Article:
Virginia Safari Park Recognized by ZAA for Excellence in Breeding

December 05, 2021

Virginia Safari Park Recognized by ZAA for Excellence in Breeding

Virginia Safari Park was recognized recently by the Zoological Association of America for its breakthrough in successful breeding of Ruppell's Griffon Vulture.

Virginia Safari Park committed in 2012 to making the Ruppell's griffon vulture a focus species for our conservation breeding efforts. Given the past success we have had with rare species across all taxa, we wanted to employ our expertise to help this critically endangered vulture species. With only a limited number of birds in the regional population, we decided to import new founder stock to augment the population already in the United States. Two pairs of sub-adult vultures were sourced from the Republic of Guinea in West Africa and arrived in the U.S. in mid-2013.

Ruppell's griffon vultures are a communal nesting species, so we knew that successful breeding would require multiple pairs living in as natural and undisturbed of a setting as possible. Birds in our breeding group are fully flighted, which we feel is a crucial component to the success of our breeding program. Additionally, we regularly employ the use of whole carcass feeding to the birds, which is enriching, helps social structure, and is nutritionally beneficial. Through these husbandry methods, we have successfully produced four chicks from 2018-2021. We were the only ZAA accredited facility to hatch and raise this species in the time frame and produced 45% of the chicks successfully hatched in the regional population.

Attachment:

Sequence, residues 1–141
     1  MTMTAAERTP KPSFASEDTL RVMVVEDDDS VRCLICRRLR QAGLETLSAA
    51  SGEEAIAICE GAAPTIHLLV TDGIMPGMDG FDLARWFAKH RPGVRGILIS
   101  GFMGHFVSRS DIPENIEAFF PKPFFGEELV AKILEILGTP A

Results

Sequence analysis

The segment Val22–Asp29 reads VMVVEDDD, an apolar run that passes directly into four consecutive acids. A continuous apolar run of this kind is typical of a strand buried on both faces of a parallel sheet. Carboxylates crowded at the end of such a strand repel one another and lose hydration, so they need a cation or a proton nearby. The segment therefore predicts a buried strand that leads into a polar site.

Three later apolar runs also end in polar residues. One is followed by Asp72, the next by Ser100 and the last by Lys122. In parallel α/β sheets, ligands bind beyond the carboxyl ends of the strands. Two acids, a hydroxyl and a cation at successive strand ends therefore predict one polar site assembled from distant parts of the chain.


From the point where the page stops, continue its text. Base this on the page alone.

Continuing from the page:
Virginia Safari Park is capitalizing on our success with this species and is working cooperatively with other zoos to maximize genetic diversity and the number of birds produced in the population. We are committed to this species long-term and plan to expand our population of these birds in the future to educate and inspire guests at our park for decades to come. We hope that this species' sustainable North American population can serve as a backstop to extinction in their native range.